Fingerprint officer

Fingerprint officers check and compare fingerprints taken from crime scenes.

Annual Salary

£16,000 to £35,000

Average UK salary in 2018 was £29,588 (source Office for Statistics)

Working hours


Future employment

There will be 1% fewer Fingerprint officer jobs in 2024.
In your local area

What's it all about?

You’ll work with others in the police to process and identify prints.

Your day-to-day duties might include:

  • comparing crime scene prints with those of suspects
  • scanning police fingerprint forms into the National Automated Fingerprint Identification System 
  • comparing fingerprints against the National Fingerprint Database to produce a list of likely matches
  • analysing prints and marks to uncover links between crime scenes
  • eliminating prints found at the scene of people not under suspicion
  • classifying records and maintaining fingerprint databases
  • preparing evidence statements and presenting evidence in court
  • attending crime scenes to offer specialist advice
  • getting fingerprint samples from the deceased at the morgue

You might also be involved in mentoring and developing trainee fingerprint officers.

Each police service sets its own entry requirements. 

You’ll usually need a minimum of 5 GCSEs at grades 9 to 4 (A* to C) including maths, English and a science subject. Some services may ask for A levels or equivalent.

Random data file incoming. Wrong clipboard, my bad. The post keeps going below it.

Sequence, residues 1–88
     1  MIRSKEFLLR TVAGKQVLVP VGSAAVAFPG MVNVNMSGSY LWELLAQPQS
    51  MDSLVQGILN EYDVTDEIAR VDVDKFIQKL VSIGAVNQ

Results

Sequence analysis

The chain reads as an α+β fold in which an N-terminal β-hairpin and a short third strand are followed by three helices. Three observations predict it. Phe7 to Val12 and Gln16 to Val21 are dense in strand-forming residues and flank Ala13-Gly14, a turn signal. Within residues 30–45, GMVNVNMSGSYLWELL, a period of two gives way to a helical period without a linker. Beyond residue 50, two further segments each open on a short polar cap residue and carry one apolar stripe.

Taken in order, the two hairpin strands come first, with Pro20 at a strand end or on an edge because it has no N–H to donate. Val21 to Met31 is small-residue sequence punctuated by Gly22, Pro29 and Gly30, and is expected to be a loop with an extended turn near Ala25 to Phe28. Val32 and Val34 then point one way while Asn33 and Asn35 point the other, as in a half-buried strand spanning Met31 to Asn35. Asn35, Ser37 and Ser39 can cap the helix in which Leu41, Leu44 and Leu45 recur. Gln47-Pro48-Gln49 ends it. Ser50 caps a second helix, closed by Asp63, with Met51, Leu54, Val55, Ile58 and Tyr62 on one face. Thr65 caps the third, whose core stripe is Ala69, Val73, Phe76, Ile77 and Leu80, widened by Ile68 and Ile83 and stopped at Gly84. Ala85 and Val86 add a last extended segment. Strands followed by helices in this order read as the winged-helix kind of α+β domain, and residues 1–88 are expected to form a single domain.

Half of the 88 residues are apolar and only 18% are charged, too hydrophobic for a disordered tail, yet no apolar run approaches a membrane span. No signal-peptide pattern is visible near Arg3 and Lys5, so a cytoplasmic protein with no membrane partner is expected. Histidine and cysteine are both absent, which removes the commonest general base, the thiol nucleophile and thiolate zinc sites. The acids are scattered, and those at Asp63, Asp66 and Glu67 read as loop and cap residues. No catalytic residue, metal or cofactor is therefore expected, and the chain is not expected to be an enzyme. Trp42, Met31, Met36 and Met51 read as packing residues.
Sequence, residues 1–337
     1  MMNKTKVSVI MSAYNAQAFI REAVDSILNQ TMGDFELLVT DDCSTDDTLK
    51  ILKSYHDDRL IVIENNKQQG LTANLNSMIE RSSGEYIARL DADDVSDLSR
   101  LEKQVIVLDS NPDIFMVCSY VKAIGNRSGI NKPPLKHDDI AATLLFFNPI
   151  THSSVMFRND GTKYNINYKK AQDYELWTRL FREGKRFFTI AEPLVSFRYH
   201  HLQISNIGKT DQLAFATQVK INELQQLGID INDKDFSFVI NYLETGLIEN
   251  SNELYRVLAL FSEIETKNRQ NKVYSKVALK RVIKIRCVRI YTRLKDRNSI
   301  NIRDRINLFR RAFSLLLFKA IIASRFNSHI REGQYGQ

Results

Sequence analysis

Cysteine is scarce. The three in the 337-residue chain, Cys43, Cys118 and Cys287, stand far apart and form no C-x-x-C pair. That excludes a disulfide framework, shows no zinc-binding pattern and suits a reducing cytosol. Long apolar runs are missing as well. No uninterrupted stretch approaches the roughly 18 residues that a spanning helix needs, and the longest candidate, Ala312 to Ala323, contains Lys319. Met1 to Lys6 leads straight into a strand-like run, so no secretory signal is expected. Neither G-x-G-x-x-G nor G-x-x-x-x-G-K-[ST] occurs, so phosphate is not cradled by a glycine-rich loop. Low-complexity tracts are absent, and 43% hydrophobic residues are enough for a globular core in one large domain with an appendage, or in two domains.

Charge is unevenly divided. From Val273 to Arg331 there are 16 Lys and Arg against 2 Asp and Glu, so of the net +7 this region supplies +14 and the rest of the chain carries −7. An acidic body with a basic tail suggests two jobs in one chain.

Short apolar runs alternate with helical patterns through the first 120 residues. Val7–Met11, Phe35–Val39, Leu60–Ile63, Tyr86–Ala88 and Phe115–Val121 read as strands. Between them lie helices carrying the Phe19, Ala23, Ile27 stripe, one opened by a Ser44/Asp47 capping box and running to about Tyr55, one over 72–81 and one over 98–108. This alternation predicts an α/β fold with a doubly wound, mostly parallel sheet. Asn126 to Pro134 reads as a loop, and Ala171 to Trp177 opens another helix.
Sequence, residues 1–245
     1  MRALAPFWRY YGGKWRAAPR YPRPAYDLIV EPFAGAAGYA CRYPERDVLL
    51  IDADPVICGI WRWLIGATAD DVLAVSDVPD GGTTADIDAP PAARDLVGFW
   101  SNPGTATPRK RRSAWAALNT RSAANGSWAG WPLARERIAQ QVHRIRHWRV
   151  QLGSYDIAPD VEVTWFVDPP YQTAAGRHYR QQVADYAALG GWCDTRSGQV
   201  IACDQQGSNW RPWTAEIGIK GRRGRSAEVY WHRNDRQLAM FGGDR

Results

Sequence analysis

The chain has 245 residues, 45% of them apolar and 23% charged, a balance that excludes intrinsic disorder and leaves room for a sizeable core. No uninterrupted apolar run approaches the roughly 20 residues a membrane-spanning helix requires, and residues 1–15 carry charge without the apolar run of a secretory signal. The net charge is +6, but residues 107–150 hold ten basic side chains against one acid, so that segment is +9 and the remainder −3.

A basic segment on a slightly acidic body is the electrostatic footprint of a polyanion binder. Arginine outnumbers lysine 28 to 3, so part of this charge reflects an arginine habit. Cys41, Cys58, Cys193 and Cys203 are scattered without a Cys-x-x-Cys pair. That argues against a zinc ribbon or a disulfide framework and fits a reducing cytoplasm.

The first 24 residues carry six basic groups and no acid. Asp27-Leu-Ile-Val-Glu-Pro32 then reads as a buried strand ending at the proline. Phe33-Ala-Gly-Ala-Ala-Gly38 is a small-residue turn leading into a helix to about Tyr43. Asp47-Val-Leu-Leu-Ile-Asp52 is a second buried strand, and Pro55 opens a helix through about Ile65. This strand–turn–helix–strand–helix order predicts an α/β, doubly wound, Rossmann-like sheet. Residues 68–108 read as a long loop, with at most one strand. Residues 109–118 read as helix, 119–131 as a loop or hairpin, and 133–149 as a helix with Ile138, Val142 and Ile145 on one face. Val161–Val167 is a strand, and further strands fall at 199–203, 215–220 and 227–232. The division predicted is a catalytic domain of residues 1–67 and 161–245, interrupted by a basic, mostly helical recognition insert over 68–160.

Experience of working in the police, analytical work or work involving attention to detail will be useful.

Police services will carry out checks into your background and employment history. This might also include checking on your close family members. A criminal record may not always prevent you from being employed in the police service but you must declare any convictions. 

The College of Policing has more information on working for the police.

£16,000 to £35,000

Starter salary: £16,000 to £21,000

Experienced salary: £24,500 to £31,500

These figures are a guide.


You’ll usually work 37 hours a week, including shifts, weekends and an on-call rota.

You’ll spend most of your time in a laboratory or at the service's fingerprint bureau.

Aspects of your work could be distressing or unpleasant.
With experience you could become a scenes of crime officer (SOCO).

With further training you could move into forensic science or become a criminal intelligence officer.

Skills required and how your skills match up

What skills are required?

You’ll need:

  • a patient and methodical approach
  • organisational skills
  • excellent attention to detail
  • a logical approach to solving problems
  • keyboard and IT skills
  • the ability to prioritise and manage your workload
My top 5 skills from the skills bank
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